It’s no secret that Vermont is home to beautiful landscapes and picturesque towns. The scenery and weather make it the ideal spot to get a taste of small-town life. In the summer, the weather is practically perfect; in the fall, the leaves change; in the winter, you can get cozy with a cup of hot cocoa or hit the slopes; in the spring, you can watch the flowers begin to bloom again. These are the best towns to visit in Vermont, at any point in the year.
This town – complete with an annual town meeting – is the beloved home to 12,000 people as well as the perfect spot for a getaway with family or friends. Industry is a large part of this town’s history, but the arts began to flourish here in the 70s. The town is made up of craftspeople, artists, musicians, farmers, bookshop owners, coffee aficionados, foodies, gallery owners, and ranchers. The bringing together of all different types of people provides a town in which you can enjoy wide-open spaces during your visit as well as good food, good coffee, good art, and good music. Each Saturday morning there is a farmer’s market filled with vendors and musicians.
Originally a New Hampshire town, Chester became part of Vermont in 1761 making 2011 the 250th anniversary of the town. September would be an ideal time to visit as the weather is pretty much perfect and the Chester Fall Festival on the Green is hosted by the town every September. During your visit, the Stone Village Historic District and Chester Village Historic District are the places to be. They are both listed in the National Register of Historical Places, and include plenty of historic architecture as well as fun shops and restaurants.
Though less than 1,000 people live here all year, Greenboro’s lakeside cottages are busting at the seams in the summertime. This town has been a getaway for both Margaret Mead and Pulitzer-prize winner Wallace Stegner. While you’re visiting, go to the Highland Center for the Arts. The center has a 250-seat theater, small performance space, art gallery, and a café, making year-round performances, exhibits, and events like cinema workshops and lectures possible. Every summer, there is a youth circus arts program called Circus Smirkus. Other fun spots to visit during your stay include Willey’s Store, the Barr Hill Nature Preserve, and the Craftsbury Outdoor Center.
Like most Vermont towns, Grafton offers plenty of natural beauty complemented by the charm of its main street and surrounding shops and homes. The historic Grafton Inn, open since 1800s, is in the center of the town. Presidents and famous philosophers have stayed here, and so can you! Many of the original buildings are upkept by the Windham Foundation. Interesting spots to check out include a small museum of local history, the Turner Hill Interpretive Center which tells the story of escaped slave Alec Turner and his family, the Nature Museum, the Fairy House trail, the Vermont Museum of Mining and Minerals, and the Grafton Trails and Outdoor Center.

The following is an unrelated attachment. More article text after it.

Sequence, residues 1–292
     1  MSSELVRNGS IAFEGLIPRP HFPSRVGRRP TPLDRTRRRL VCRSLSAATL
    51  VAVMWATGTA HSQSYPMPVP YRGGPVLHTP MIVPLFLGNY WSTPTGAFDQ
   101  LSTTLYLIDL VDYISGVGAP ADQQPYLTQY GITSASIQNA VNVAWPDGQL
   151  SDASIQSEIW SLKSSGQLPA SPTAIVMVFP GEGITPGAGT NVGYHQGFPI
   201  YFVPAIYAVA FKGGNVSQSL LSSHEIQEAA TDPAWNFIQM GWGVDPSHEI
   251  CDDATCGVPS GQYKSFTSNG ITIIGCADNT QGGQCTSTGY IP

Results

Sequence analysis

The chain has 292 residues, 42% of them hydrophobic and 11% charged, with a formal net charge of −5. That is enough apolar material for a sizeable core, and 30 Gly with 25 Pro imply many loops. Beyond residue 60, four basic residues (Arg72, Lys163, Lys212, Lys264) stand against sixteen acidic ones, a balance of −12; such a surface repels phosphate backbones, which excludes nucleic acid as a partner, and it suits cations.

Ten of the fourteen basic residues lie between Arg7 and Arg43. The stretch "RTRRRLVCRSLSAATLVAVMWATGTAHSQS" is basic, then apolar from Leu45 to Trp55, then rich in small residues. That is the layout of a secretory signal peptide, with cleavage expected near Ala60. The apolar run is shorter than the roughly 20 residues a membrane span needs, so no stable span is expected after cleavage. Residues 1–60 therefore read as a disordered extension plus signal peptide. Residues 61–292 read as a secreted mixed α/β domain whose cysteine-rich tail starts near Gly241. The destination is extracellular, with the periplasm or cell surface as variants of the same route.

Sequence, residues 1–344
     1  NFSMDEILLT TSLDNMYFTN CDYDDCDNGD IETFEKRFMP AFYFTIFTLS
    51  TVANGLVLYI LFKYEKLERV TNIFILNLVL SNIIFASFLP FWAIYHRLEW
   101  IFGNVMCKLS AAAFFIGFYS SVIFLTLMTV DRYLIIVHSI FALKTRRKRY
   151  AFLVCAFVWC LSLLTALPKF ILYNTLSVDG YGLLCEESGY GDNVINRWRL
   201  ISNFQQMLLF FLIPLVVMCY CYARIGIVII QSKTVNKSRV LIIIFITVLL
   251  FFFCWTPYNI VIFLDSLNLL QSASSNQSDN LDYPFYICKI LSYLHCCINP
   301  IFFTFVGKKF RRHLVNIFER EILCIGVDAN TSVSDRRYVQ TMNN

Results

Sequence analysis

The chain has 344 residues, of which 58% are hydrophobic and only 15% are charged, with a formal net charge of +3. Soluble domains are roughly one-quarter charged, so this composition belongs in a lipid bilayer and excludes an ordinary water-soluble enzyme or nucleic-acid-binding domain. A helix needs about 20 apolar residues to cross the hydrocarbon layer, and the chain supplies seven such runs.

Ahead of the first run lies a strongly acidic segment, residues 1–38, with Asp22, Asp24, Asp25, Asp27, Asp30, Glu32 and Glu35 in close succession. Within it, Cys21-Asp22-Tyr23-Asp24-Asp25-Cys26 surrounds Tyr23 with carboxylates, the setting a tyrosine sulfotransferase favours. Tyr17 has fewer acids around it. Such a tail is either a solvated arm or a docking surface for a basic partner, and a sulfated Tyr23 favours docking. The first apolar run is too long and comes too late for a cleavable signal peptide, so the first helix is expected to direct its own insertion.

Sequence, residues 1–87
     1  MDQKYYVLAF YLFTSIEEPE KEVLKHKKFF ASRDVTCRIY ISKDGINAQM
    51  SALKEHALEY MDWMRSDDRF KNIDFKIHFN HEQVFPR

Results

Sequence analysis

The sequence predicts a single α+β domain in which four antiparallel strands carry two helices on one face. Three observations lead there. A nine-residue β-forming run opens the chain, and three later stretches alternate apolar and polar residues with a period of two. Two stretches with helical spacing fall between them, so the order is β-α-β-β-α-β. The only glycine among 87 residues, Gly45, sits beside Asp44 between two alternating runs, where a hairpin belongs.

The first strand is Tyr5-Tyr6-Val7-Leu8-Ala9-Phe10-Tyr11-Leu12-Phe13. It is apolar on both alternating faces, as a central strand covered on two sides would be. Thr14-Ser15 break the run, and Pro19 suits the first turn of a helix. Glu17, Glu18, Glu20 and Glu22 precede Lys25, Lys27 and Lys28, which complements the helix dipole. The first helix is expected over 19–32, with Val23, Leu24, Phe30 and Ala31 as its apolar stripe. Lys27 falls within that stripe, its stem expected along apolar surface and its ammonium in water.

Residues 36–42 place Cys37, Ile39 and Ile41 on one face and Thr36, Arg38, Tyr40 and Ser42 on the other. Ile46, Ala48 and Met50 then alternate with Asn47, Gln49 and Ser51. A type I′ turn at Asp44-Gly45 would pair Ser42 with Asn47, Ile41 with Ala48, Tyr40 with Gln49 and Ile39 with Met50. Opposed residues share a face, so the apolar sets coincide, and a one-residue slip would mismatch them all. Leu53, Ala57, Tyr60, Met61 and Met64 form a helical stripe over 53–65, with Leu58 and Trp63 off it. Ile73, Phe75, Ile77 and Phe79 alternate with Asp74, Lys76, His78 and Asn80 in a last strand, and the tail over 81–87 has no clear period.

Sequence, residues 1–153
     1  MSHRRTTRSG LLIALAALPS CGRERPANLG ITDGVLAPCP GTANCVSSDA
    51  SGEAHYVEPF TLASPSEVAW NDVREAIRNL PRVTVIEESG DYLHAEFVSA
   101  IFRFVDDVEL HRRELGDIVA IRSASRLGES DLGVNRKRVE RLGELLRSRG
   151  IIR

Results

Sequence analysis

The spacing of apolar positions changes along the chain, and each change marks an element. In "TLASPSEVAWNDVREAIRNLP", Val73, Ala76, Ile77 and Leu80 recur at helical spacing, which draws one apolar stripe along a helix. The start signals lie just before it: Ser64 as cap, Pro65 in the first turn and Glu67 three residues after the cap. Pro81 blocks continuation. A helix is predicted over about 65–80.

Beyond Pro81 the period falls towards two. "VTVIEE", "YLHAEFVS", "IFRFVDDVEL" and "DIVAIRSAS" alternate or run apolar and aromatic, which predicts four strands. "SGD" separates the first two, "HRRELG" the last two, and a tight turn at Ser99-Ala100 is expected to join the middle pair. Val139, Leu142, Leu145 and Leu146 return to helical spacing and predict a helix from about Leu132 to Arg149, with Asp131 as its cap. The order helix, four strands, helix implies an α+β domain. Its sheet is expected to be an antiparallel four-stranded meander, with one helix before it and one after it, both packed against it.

Commonly a summertime respite for the wealthy, this town offers both luxury in its mansions and simplicity in its bed-and-breakfast inns. The son of Abraham Lincoln built a home overlooking the valley, and these days, it has a working farm, a goat cheese dairy, and a mansion that is open for tours. The home is fully furnished and has many pieces from Mary Todd Lincoln’s family. While in the town, you can also visit the American Museum of Fly Fishing, the Southern Vermont Arts Center, or climb Mount Equinox for a view of the town and mountain range.
If you like skiing, you need to visit Stowe. This town is home to a world-class mountain resort. Though skiing is perhaps its best offering, Stowe is also home to year-round outdoor recreation, art, culture, and history. While visiting the town, you should see the Trapp Family Lodge, the Vermont Ski and Snowboard Museum, the Stowe Recreation Path, and the picturesque main street.
Take a seat on the porch of the Vermont Country store to look out on Weston’s main street and the town’s mill and water wheel. This country store draws people into Weston, but the charm of the town entices people to stay. This idyllic town is surrounded by plenty of natural beauty as well as shops and restaurants to entertain you. Visit the Vermont Scale Museum, the Farrar-Mansur House, and the Weston Playhouse Theatre during your stay.
A model for land conservation and sustainable farming, Woodstock is a great place to live as well as to visit. One of Woodstock’s first citizens, George Perkins Marsh, is known as America’s first environmentalist. 70 years later, another Woodstock citizen Frederick Billings planted thousands of trees to eventually create Marsh-Billings-Rockefeller National Historic Park. This park is the only national park to focus on land stewardship. You can tour the grounds, a museum, the farm manager’s home, the barn, and the Rockefeller home. In town, you’ll find beautiful homes, a museum of local history, a beautiful covered bridge (a classic Vermont view), galleries, and boutiques. You can also go skiing in Woodstock at Suicide Six or the trails on Mount Tom.